Ted M. Gossard said...

Well stated, Dr. Groothuis. I too have heard some wonderful sermons from a lady, recently. And not masculine at all. The Spirit delights to tear down our misconceptions, surely.

Yossman said...

DO: Thxs. Great stuff.

Douglas Groothuis, Ph.D. said...

This is from Rebecca Merrill Groothuis:

Responding to Timo the Osprey, 12-21-06

In point of fact, Doug did not say that “God’s fatherhood is just one of a ‘variety’ of metaphors and names for God.” Your adding “just one of” changes the meaning substantially. Doug merely noted that Scripture uses various metaphors in speaking of God, and “father” is a metaphor for God. Since God is not literally a father (i.e., a man who procreates), God is, therefore, a father in a metaphorical sense.

The picture of God as a mother is also present in Scripture. But to make this observation is not to imply that the “father” metaphor is on a par with the “hen” metaphor.

Further, if we rightly discern that God’s fatherhood is not about gender (the divine nature is not sexual or gendered in any sense), then all your sarcastic suggestions about needing to allow equal time for addressing God as “mother” become moot. Gender equality is simply not at issue here.

It seems at least two things are clear from Scripture. First, “mother” and “father” are not interchangeable or equivalent expressions with respect to addressing God. The New Testament view is unmistakable: God is the Father of our Lord Jesus Christ, and Mary was his (merely human) mother. And God is not only Jesus’ Father, God is “Our Father.” We have been adopted to “sonship” and are heirs of God, coheirs with Christ. This is the picture and terminology that the Bible uses to present the family relationship of believers to God and Christ. There is no place in this picture for a Mother God alongside a Father God.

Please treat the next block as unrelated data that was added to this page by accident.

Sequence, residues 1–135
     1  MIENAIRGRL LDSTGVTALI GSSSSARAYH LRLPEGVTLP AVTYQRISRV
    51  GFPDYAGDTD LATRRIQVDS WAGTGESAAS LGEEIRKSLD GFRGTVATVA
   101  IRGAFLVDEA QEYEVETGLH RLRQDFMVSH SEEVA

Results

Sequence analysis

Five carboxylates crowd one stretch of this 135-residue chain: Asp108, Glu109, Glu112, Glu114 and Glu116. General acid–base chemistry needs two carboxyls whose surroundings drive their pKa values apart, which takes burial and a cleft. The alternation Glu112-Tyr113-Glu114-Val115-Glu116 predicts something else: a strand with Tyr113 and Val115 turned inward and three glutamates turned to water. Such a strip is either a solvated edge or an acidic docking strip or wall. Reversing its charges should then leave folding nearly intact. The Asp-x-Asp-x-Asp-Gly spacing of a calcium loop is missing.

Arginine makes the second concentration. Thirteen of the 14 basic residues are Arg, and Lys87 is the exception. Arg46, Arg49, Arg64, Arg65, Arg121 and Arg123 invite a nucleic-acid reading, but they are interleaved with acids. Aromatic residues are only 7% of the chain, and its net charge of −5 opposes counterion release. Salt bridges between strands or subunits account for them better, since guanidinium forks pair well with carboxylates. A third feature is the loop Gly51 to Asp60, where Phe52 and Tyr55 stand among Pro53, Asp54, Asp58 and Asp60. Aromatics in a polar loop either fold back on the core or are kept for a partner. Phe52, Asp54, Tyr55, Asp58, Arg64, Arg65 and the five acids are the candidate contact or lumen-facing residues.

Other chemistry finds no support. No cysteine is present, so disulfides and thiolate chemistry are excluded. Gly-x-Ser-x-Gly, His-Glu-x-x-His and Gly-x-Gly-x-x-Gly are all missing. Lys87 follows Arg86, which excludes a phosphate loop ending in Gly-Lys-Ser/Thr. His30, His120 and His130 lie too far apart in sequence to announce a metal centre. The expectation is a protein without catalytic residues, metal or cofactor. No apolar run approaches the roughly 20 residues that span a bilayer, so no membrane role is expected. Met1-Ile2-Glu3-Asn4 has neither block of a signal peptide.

Second, it is abundantly clear, especially in the Old Testament, that God is both mother and father to his people. This is rightly understood in a metaphorical sense, pure and simple. God is to us like a mother and like a father. So in our times of prayer and devotion to God we may say, for example, “You comfort me as a mother comforts her child” (Isaiah 66:13) and “When my mother and father forsake me, you will take me up” (Psalm 27:10), and so forth.

However, God as the Father of Jesus Christ—as the first person of the triune Godhead—is not “Father” merely in the sense of a simple metaphorical descriptor. Here “Father” serves as a metaphorical name. (A metaphorical name is to be distinguished from a mere metaphor, a figure of speech used to describe one or more attributes of someone or something.) Because the name “Father” is metaphorical, it does not speak literally of God’s having a male or masculine nature. But because it is a name and not merely a metaphor, it is not interchangeable with “mother,” since “mother” is never used in Scripture as a name for God.

I hope these observations are helpful and sufficiently clear.

Paul D. Adams said...

Well said Rebecca Merrill Groothuis!
Helpful, sufficiently clear, and rather convincing I might add.

Douglas Groothuis, Ph.D. said...


You did not concede #1, but charged me with the error of saying that "Father" was "just one among a variety of metaphors" which I did not say.

PamBG said...

I came to your blog via a link to the "You!" post, which is truly excellent.

This too is truly excellent. In my opinion, "God" has been caught up for far too long in secular ideas of power and masculinity.

Caveat: power, masculinity and secularism do not necessarily HAVE to be in any way related but they often are in our culture. Christianity often erroneously buys into this paradigm.

The Second Person of the Trinity was born as a little baby in a little town of humble parents, to bring his message that the poor are blessed. Truly he has lifted up the lowly and brought down the powerful from their thrones.